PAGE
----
The passport shall contain information on the animal (identification code, date of birth, sex, breed or colour of coat, identification code of the mother or, in the case of an animal imported from a third country, the identification number given corresponding to the identification number of origin), identification number of holding where born, and identification numbers of all holdings where the animal has been kept and the dates of each change of holding. In addition the passport shall contain the signature of the keeper(s), and the name of the issuing authority (Transporters whose sole responsibility is the movement of animals are not considered to be keepers and hence their signature will not be required).
Holding registers. Detailed rules for the content of the register are laid down in Commission Regulation (EC) No 911/2004. The register shall contain up-to-date information on each animal (identification code, date of birth, sex, breed or colour of coat), the date of death of the animal on the holding, in the case of departure the identification code of the holding of destination and the date for departure, and in the case of arrival identification code of holding of dispatch and the date of arrival. In addition, checks by the competent authority must be clearly identified in the register.
The computerised national databases play a key role for maintaining a proper control of animal movements and managing subsidies. The database must contain information for each bovine animal (identification code, date of birth, sex, breed or colour of coat, identification code of the mother or, in the case of an animal imported from a third country, the identification number given corresponding to the number of origin, identification number of holding where born, and identification numbers of all holdings where the animal has been kept, the dates of each change of holding and the date of death or slaughter). In addition the database must contain information for each holding (identification number and name and address of the holder). The database must be able to supply at any time a list of identification numbers for all bovine animals present on a holding, and a list of all changes of holding for each bovine animal starting from the holding of birth or holding of importation.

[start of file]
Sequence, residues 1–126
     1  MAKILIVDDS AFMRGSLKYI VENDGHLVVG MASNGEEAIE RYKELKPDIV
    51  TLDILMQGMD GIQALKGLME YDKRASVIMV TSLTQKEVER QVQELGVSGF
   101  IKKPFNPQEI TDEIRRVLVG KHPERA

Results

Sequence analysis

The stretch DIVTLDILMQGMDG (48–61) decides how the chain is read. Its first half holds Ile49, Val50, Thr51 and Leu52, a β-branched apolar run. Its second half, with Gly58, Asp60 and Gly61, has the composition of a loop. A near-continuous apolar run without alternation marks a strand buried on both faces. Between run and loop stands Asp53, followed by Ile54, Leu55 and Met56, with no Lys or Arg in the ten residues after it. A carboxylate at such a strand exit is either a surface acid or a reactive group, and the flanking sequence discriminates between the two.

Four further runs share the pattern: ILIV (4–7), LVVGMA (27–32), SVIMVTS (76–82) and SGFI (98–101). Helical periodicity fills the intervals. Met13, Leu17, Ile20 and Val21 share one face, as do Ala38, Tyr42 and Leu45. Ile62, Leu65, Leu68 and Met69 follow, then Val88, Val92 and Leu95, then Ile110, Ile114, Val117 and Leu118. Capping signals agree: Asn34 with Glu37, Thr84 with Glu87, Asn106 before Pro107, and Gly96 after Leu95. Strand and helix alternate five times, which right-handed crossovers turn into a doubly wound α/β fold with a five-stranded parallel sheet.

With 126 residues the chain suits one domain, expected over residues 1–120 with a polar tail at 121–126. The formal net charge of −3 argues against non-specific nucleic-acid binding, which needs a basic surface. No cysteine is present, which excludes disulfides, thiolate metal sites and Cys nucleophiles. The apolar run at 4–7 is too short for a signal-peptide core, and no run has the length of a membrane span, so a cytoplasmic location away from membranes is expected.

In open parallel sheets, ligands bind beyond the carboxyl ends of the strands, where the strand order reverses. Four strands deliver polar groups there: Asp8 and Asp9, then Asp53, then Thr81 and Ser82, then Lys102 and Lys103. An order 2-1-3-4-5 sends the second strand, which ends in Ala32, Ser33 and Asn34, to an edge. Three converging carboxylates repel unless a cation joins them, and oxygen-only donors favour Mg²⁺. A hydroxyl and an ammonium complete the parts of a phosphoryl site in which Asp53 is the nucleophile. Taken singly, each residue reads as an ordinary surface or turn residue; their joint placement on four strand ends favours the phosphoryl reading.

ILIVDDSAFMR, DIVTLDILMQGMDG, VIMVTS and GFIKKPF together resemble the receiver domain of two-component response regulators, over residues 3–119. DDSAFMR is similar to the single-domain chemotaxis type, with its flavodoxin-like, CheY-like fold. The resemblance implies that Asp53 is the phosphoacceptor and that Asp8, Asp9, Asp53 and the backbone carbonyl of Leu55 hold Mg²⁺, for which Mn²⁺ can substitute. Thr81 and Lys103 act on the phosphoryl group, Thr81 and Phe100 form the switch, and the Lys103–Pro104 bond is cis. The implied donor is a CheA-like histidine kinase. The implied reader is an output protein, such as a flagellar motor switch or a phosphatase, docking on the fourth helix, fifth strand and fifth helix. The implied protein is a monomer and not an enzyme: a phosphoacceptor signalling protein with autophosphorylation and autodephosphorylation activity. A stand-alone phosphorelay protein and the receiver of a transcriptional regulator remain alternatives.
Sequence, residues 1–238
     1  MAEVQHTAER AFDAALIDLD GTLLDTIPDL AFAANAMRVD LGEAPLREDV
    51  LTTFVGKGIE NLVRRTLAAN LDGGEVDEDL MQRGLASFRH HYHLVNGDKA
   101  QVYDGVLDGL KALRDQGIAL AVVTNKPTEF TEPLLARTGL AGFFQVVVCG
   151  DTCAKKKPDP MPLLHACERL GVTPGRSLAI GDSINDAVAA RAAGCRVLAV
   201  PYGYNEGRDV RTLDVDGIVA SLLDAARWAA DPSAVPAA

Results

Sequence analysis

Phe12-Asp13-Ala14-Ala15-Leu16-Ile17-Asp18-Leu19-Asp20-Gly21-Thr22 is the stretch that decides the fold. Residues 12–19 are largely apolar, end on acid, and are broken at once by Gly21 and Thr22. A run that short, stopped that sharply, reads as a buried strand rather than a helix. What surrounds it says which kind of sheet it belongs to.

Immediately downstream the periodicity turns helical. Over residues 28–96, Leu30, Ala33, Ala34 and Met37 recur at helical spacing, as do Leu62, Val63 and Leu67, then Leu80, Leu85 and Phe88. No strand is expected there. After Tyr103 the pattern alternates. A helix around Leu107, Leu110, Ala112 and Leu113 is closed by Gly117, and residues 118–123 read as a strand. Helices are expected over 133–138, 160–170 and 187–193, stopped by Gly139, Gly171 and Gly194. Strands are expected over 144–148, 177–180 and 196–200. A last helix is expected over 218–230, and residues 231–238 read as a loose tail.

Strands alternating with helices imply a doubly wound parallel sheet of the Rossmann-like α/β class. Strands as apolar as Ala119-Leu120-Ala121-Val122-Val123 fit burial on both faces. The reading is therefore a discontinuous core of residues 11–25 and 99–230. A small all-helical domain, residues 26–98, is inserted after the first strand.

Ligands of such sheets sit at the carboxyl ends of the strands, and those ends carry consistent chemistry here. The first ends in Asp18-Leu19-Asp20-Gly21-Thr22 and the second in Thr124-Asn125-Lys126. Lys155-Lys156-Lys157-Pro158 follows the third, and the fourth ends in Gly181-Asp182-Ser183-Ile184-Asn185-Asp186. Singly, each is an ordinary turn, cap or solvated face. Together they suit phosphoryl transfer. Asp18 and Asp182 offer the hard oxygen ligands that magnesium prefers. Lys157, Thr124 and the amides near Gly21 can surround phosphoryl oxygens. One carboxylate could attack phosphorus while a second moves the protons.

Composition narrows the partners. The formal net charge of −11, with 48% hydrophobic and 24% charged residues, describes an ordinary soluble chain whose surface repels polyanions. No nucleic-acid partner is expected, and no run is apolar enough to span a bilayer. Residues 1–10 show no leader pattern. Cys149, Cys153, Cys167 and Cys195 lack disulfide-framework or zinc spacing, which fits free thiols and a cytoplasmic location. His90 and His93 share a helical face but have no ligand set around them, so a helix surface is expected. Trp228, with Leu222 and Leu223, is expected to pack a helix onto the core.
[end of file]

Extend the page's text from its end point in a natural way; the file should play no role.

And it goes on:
Controls by national authorities
According to Commission Regulation (EC) No 1082/2003 of 23 June 2003 laying down detailed rules for the implementation of Council Regulation (EC) No 1760/2000 as regards the minimum level of controls to be carried out in the framework of the system for the identification and registration of bovine animals the Member States have to inspect at least 10% of their holdings. By way of derogation, where a Member State has in place a database, which the Commission deems to be fully operational and which provides effective cross-checking facilities, a rate of 5 % may be envisaged. The results of the inspections have to be communicated to the Commission in the form of an annual report.
Commission Regulation (EC) No 494/98 of 27 February 1998 laying down detailed rules for the implementation of Council Regulation (EC) No 820/97 sets out the application of minimum administrative sanctions in the framework of the system for the identification and registration of bovine animals in the Member States. Hence competent authorities have the power and the obligation to sanction breaches of identification and registration.
Controls by Community services
The Commission services have carried out a series of missions in order to evaluate the operation of official controls over the traceability of beef and beef products. The whole chain from farm to retail outlet was evaluated, including identification, registration and movement of cattle. Furthermore the services have focused on traceability aspects during missions to evaluate the implementation of certain EC measures aimed at the eradication, control and prevention of certain diseases.
The over-all conclusion based on the outcome of the missions was that Member States generally have farm registration systems in place and, whilst operational deficiencies were widespread, the principles of animal identification are understood and largely applied. However, in many Member States, the operation of the national database for bovine animals was inadequate, mainly due to delays in entering births, deaths and movements. This meant that animals could either be wrongly recorded or vanish altogether from the official records for lengthy periods. In addition, errors or non-compliances were not automatically detected, and/or followed up, by the responsible authorities.
The main weaknesses found in regard to identification and registration of bovine animals were incorrect identification, not updated holding registers and failures to report to the national database.